Saguy, A.C., & Kjerstin, G.
2010 - Source: Social Problems, 57:2, 231-250.
This article examines how widely shared cultural values shape social problem construction and, in turn, can reproduce social inequality. To do so, we draw on a comparative case study of American news reporting on eating disorders and overweight/obesity between 1995 and 2005. In the contemporary United States, thinness is associated with high social status and taken as evidence of moral virtue. In contrast, fatness is linked to low status and seen as a sign of sloth and gluttony. Drawing on an original data set of news reports, we examine how such social and moral meanings of body size inform news reporting on eating disorders and overweight. We find that the news media in our sample typically discuss how a host of complex factors beyond individual control contribute to anorexia and bulimia. In that anorexics and bulimics are typically portrayed as young white women or girls, this reinforces cultural images of young white female victims. In contrast, the media predominantly attribute overweight to bad individual choices and tend to treat binge eating disorder as ordinary and blameworthy overeating.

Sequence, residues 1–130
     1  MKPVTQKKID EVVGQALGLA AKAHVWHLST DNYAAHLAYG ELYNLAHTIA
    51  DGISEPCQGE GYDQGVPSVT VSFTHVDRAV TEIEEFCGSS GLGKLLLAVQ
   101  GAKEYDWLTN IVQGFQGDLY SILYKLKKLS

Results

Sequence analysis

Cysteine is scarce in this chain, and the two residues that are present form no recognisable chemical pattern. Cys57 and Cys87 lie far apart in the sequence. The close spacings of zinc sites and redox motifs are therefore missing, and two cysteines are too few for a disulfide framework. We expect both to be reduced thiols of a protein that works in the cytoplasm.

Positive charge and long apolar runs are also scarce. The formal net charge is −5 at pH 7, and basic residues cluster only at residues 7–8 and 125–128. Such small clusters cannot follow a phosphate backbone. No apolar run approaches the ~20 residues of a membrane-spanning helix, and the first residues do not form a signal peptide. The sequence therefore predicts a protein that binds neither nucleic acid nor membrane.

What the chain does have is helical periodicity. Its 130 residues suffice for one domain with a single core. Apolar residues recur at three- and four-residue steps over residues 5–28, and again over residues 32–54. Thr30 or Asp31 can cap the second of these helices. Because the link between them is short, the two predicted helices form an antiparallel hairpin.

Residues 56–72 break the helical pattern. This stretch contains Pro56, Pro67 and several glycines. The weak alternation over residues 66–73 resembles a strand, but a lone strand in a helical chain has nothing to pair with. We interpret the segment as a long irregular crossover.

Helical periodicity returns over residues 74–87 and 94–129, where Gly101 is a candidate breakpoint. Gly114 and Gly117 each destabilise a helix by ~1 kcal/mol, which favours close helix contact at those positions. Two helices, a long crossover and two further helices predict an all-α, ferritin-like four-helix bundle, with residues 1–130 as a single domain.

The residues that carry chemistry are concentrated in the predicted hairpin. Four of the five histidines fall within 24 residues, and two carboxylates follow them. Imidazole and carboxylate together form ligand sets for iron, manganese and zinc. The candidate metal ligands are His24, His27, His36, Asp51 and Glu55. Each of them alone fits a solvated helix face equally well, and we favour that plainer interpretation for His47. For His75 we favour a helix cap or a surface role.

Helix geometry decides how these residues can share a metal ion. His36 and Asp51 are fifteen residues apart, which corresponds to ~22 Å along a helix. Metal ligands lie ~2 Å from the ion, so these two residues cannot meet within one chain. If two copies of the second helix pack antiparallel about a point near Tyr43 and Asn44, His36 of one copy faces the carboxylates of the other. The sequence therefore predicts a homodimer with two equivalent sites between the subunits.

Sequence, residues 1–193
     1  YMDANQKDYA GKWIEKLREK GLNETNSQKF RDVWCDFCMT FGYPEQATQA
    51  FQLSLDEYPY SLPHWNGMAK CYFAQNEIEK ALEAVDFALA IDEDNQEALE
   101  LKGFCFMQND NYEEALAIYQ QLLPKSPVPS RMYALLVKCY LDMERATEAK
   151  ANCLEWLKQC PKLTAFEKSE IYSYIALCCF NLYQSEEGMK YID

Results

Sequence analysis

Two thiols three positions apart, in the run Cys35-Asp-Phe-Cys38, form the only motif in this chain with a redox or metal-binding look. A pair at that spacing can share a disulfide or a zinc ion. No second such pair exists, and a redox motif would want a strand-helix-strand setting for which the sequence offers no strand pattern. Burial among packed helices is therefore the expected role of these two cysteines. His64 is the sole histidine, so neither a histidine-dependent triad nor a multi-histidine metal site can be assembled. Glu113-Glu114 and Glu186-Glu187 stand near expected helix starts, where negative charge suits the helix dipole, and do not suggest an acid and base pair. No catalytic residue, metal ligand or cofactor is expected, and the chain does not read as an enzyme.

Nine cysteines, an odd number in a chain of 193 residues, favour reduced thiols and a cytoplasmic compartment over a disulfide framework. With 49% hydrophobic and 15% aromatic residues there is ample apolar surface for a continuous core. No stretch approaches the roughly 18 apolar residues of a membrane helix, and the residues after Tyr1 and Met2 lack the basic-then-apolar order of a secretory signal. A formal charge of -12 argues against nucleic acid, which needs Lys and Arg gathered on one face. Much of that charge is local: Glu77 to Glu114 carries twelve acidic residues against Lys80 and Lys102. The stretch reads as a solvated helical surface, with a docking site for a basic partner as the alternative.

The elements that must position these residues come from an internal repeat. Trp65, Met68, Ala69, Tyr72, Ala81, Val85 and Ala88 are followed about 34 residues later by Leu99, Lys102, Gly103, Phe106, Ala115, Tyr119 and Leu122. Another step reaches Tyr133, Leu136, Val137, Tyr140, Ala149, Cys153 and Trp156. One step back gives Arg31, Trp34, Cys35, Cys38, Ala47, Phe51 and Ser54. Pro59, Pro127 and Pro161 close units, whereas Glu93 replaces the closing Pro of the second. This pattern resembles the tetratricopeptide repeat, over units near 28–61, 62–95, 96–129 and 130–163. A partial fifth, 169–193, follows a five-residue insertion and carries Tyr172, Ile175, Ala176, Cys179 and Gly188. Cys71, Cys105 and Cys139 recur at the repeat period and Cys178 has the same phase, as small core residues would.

In that the poor and minorities are more likely to be heavy, such reporting reinforces social stereotypes of fat people, ethnic minorities, and the poor as out of control and lazy. While appreciation for bigger female bodies among African Americans is hailed as protecting against thinness-oriented eating disorders, this same cultural preference is partially blamed for overweight and obesity among African American women and girls.
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